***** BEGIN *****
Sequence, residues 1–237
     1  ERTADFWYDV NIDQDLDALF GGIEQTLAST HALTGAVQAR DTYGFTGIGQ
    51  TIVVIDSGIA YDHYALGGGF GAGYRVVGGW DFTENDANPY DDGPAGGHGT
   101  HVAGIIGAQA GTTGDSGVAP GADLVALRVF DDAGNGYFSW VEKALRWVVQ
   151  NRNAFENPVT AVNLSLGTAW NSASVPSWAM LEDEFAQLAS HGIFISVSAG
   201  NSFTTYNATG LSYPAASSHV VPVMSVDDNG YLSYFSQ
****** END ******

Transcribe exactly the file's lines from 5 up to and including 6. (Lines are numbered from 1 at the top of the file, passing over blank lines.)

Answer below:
   151  NRNAFENPVT AVNLSLGTAW NSASVPSWAM LEDEFAQLAS HGIFISVSAG
   201  NSFTTYNATG LSYPAASSHV VPVMSVDDNG YLSYFSQ